"Printer's Devil" is an episode of the American television anthology series The Twilight Zone. The title comes from the expression printer's devil, an apprentice in the industry.
The initial plot set-up borrows from the classic American short story "The Devil and Daniel Webster", although this tale ultimately goes in a different direction. This hour-long episode was written by Charles Beaumont, and based on his 1951 short story "The Devil, You Say".
|“||Take away a man's dream, fill him with whiskey and despair, send him to a lonely bridge, let him stand there all by himself looking down as the black water, and try to imagine the thoughts that are in his mind. You can't, I can't. But there's someone who can - and that someone is seated next to Douglas Winter right now. The car is headed back toward town, but its real destination is the Twilight Zone.||”|
Douglas Winter, the editor-in-chief of a failing newspaper called The Courier feels there is nothing to live for after a number of employees quit, including the Linotype operator. On a bridge while drunk, he looks down into the inviting water below. When he is going to commit suicide, he is approached by one "Mr. Smith", who comments that it's a short fall and probably wouldn't do a very good job. He then asks Doug for a light, and, if he wasn't quite ready, a ride into town. Amused and forgetting about suicide, Winter gives him a lift to a café, where Mr. Smith agrees to provide the editor with money to pay off debts and continue the operation of the newspaper. Mr. Smith also signs up to replace the linotype operator and be the sole reporter. With nothing to lose, Doug agrees to the proposition.
The first scoop is a large bank robbery. Business booms for the little newspaper, as Mr. Smith out-scoops other reporters from the rival Gazette on dramatic news stories, many involving disasters. The Courier becomes a success as its stories hit the streets seemingly minutes after the events happen. It is so successful that a man from The Gazette, Mr. Franklin, tries to buy up the little newspaper. Winter is now in a position to say "No!" with confidence. Not many days later, there is a fire at The Gazette and they accuse someone at The Courier of arson.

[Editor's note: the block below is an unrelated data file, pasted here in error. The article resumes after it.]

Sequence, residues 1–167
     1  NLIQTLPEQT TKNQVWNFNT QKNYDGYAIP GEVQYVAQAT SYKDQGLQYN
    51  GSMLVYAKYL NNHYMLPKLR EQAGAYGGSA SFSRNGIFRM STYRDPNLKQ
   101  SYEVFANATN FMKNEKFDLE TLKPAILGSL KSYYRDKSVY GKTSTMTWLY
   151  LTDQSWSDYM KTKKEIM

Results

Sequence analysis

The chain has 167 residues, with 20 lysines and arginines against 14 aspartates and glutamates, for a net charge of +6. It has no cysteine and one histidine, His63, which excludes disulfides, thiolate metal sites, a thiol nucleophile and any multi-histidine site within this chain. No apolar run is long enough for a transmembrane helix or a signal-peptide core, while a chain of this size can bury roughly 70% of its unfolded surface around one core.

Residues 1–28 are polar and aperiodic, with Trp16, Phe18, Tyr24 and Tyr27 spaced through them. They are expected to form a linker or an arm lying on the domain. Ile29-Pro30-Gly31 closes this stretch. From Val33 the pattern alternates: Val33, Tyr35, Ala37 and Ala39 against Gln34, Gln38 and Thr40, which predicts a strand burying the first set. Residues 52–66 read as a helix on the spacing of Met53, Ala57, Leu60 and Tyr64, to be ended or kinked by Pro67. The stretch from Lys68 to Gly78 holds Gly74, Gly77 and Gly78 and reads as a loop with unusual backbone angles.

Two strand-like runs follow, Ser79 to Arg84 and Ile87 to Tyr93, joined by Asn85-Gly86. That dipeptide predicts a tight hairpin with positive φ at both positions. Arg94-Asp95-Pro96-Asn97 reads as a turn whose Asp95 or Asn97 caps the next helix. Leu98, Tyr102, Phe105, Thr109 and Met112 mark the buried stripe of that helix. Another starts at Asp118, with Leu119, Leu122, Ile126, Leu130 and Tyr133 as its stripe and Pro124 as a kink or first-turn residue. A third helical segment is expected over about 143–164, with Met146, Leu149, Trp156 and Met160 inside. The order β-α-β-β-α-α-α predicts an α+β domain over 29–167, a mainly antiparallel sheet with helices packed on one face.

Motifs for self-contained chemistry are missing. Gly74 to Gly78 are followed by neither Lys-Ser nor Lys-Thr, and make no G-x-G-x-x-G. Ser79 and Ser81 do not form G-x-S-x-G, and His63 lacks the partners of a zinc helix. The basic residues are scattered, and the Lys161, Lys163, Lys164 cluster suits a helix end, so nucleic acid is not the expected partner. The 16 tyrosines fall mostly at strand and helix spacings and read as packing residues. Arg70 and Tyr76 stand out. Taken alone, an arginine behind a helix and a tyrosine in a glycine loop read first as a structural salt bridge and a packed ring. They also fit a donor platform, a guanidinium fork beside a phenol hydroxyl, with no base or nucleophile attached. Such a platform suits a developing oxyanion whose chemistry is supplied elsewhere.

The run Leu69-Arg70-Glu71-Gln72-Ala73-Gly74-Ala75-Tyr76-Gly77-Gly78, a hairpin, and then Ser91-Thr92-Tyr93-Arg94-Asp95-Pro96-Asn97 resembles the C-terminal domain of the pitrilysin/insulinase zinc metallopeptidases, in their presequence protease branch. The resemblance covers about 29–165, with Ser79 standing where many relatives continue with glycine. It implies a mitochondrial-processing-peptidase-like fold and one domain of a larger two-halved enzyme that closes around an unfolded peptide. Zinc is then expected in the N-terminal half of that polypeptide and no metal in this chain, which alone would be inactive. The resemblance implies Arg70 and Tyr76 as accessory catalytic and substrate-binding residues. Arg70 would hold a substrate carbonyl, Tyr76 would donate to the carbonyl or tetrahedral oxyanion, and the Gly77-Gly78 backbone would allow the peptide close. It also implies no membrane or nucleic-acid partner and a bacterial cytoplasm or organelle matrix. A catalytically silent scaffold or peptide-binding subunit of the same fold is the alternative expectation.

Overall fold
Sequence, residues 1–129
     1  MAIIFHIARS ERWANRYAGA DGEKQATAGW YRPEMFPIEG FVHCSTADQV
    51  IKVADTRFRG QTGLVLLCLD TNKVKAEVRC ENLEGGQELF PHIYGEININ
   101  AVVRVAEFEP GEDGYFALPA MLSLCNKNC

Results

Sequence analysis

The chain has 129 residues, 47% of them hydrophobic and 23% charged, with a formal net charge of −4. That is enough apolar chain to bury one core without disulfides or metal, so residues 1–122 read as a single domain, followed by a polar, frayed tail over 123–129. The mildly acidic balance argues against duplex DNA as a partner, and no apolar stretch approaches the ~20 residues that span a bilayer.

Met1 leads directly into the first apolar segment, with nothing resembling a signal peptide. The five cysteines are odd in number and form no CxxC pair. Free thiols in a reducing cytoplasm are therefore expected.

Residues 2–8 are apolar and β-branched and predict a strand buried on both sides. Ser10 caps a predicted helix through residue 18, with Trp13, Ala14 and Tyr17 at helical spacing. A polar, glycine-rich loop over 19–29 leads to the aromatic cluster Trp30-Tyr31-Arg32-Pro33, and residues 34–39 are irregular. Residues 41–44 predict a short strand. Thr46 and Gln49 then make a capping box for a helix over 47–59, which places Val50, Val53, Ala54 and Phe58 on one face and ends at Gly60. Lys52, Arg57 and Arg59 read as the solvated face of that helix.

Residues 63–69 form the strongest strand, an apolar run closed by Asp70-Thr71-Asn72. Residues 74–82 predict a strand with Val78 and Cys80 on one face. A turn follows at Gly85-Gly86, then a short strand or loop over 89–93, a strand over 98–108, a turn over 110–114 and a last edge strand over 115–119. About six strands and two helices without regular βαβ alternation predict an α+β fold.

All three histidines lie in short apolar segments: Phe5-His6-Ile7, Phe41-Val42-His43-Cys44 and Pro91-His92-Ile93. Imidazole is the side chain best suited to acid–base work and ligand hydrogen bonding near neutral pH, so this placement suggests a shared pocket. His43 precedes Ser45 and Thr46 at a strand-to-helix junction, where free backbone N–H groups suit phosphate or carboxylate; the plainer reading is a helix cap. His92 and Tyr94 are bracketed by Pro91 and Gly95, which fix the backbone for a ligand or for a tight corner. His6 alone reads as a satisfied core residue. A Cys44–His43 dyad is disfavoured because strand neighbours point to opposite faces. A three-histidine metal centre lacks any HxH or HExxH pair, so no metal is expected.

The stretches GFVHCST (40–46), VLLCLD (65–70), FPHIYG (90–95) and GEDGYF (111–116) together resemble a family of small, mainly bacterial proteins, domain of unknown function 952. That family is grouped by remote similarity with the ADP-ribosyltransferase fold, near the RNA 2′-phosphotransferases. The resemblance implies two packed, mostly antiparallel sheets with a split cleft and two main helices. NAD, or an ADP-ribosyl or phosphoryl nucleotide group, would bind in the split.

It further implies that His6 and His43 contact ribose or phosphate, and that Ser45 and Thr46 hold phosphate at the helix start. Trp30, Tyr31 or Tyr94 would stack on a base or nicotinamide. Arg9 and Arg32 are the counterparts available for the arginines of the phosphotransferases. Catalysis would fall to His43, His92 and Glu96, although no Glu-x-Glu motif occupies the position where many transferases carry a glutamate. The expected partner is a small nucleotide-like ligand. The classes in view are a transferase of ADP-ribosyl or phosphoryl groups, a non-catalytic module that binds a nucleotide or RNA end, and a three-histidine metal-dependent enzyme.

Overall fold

With all the success the newspaper is having, Mr. Smith asks the editor to humor him by signing a contract guaranteeing continued success as the newspaper editor in exchange for his immortal soul, pointing out that it doesn't mean much; "it's almost like an appendix these days, not really necessary," and besides, since the devil is not real, Winter shouldn't have a problem with it. Winter hesitates, but Mr. Smith goads him by saying, "Imagine a grown man believing in the devil!" More importantly, Mr. Smith has modified the newspaper's linotype machine so that whatever is set in type subsequently happens.
Eventually, Mr. Smith makes a pass at Miss Benson, who sternly rebuffs him. Mr. Smith vows that Benson will pay the price. In retaliation for this, and trying to turn the screws on Winter, he writes a story that has the editor's girlfriend gravely injured in an auto accident. The editor concludes that Mr. Smith is, in fact, the devil, and he discovers the story that has his girlfriend apparently dying. Smith demands that Winter kill himself to fulfill his part of their bargain, or Jackie dies. In desperation, Winter uses the linotype machine to change the story so that his girlfriend survives the crash (with Mr. Smith himself the catalyst behind the steering wheel, trying to destroy Jackie as well), but also writes it so that Mr. Smith's contract is rendered void, and he must leave.
When the car is found, Jackie is safe in the passenger seat, but Mr. Smith has vanished. Winter decides to run the newspaper fairly and to destroy the infernal linotype machine. As Rod Serling narrates that Mr. Smith was a form of Lucifer, the linotype machine is being removed from The Courier by two people.
|“||Exit the infernal machine, and with it his satanic majesty, Lucifer, prince of darkness - otherwise known as Mr. Smith. He's gone, but not for good; that wouldn't be like him - he's gone for bad. And he might be back, with another ticket to The Twilight Zone.||”|
- DeVoe, Bill. (2008). Trivia from The Twilight Zone. Albany, GA: Bear Manor Media. ISBN 978-1-59393-136-0
- Grams, Martin. (2008). The Twilight Zone: Unlocking the Door to a Television Classic. Churchville, MD: OTR Publishing. ISBN 978-0-9703310-9-0
- at the Internet Movie Database
- at TV.com